Turns out President Trump did the invading. In July, federal officers dressed in camouflage and without badges appeared and reportedly threw protesters into unmarked SUVs. Protesters shifted their attention to the Mark O. Hatfield federal courthouse. They used leaf blowers against tear gas and chanted “Stay together! Stay tight! We do this every night!”

Portland leaders, including some in the Black community, questioned what was being accomplished through continuous street combat.

“The focus has been moved from where it is supposed to be and made to be a spectacle, a debacle,” said the president of the Portland NAACP, the Rev. E.D. Mondainé.

Ferocious portesting is dangerous. A leftist videographer was beaten by a group of men on suspicion of being a police informant. Another man was pulled from his pickup, kicked in the head, and left unconscious on the street.

Ferociousness is overwhelming.  Federal officers made a “phased withdrawal” from Portland. Protesters turned to police union headquarters — first attempting to break down the doors, then running a hose into a window, then attempting to burn it. Next came the “Back the Blue” confrontation, complete with bats, fireworks and pepper spray but no intervention by law enforcement, local or federal.

Dakota Means, a former Marine of mixed race, was knocked out when a pro-police protester shot him in the head with a paintball gun. But the day ended with the Back-the-Blue crowd retreating and Means standing his ground.  

“They’re not welcome in the city. I’m gonna make sure they are run out,” he said.

When will it all end? Based on the history of Appalachian culture, I would say they won’t stop fighting. The best you can hope for is that they find someone else to fight.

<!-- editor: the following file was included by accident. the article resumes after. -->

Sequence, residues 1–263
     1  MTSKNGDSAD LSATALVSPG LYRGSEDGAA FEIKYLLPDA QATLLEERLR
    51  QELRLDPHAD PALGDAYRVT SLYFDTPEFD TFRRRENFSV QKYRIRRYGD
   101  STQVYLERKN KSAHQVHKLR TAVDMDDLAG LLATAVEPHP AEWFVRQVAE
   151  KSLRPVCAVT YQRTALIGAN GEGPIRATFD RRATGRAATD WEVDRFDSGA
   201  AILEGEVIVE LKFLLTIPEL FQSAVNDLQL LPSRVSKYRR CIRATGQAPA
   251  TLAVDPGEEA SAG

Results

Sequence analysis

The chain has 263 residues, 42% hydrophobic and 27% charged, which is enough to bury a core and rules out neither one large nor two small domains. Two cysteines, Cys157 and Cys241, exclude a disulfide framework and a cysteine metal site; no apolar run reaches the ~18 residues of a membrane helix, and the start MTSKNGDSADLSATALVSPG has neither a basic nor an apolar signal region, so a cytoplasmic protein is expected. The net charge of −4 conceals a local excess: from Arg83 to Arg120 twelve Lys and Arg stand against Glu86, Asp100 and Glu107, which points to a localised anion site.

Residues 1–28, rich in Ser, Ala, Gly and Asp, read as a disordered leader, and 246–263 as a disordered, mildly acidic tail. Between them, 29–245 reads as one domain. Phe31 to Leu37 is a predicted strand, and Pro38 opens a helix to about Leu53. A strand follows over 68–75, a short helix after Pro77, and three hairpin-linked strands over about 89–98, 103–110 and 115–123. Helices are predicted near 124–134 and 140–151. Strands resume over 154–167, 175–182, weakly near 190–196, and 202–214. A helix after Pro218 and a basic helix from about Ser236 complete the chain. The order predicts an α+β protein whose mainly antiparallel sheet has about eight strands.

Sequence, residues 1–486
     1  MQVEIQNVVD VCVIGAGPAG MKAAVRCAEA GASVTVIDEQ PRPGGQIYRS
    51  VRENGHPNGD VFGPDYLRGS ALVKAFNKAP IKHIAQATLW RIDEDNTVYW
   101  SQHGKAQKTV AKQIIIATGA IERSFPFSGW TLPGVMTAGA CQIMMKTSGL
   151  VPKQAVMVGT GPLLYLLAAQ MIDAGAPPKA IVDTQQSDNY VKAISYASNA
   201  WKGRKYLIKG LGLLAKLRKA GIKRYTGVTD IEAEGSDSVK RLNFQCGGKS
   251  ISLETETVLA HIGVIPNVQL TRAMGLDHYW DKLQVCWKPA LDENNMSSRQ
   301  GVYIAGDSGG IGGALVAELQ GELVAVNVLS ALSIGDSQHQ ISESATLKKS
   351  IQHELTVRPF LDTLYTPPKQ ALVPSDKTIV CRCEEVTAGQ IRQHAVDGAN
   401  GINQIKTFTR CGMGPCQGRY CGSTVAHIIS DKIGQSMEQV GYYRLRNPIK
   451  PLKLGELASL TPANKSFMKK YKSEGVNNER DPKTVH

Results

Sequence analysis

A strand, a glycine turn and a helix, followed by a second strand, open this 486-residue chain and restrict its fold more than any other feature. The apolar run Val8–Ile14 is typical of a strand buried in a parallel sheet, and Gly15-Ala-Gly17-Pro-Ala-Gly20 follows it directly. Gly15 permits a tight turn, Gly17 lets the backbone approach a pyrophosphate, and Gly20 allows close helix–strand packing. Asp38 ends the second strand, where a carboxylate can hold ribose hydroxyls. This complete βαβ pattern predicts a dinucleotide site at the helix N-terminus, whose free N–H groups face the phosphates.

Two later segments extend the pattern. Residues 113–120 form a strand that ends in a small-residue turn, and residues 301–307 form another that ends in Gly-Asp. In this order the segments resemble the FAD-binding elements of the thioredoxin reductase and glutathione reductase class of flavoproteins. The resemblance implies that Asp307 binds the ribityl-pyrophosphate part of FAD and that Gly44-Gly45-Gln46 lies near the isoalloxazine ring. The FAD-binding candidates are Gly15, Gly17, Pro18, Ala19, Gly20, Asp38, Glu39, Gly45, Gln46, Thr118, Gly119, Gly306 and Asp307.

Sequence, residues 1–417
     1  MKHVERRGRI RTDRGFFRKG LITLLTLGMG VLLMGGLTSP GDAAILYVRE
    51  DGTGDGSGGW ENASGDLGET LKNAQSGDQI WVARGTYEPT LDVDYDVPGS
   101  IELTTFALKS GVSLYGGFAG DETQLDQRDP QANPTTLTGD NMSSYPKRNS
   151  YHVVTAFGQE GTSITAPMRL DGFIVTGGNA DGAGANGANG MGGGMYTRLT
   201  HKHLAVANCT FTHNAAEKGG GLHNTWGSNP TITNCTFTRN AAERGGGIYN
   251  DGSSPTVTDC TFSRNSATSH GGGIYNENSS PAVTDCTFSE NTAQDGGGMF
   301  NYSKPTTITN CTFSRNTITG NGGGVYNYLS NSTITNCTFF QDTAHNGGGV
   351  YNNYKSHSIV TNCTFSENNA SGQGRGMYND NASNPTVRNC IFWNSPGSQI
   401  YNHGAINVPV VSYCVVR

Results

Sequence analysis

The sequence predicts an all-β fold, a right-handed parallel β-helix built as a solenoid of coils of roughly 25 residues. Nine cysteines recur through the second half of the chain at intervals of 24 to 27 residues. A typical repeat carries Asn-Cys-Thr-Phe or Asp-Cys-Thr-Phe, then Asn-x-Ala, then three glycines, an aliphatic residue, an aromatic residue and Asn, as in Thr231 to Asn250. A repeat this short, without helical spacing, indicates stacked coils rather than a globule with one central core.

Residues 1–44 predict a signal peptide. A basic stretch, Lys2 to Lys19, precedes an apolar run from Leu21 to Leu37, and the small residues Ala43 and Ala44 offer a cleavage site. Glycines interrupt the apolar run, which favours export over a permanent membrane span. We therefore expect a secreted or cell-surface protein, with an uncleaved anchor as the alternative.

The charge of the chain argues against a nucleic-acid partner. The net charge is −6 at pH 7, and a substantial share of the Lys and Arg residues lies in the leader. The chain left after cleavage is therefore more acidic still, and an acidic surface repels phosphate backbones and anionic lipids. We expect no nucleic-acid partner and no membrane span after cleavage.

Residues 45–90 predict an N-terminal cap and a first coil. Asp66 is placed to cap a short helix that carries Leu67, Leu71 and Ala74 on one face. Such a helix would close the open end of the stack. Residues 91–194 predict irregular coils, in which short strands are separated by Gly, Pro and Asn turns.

The “III” Symbol (Car Decals Decoded)

This interesting and cryptic symbol includes the Roman numeral three, “III,” and usually a ring of stars.

What III means

The three refers to the 3 percent of the American population that supposedly fought in the American Revolution against the British. We should say “supposedly,” because I don’t get the sense this was an especially well-researched figure, approved by historians. But maybe so.

The stars are a reference to the American flag during the Revolutionary War, often referred to as the Besty Ross Flag. It’s often shown along with various other symbols, such as period-specific muskets and the like.

If you are displaying these, the idea is you are part of the noble but tiny minority of people who will actually put your life on the line to defend freedom.

What actual battle you are fighting or what “freedom” or “liberty” mean in these instances is up for grabs. These stickers definitely seem to be linked to Second-Amendment-type sentiments, as in, the freedom to own firearms, and the threat being the United States Government, not foreign powers.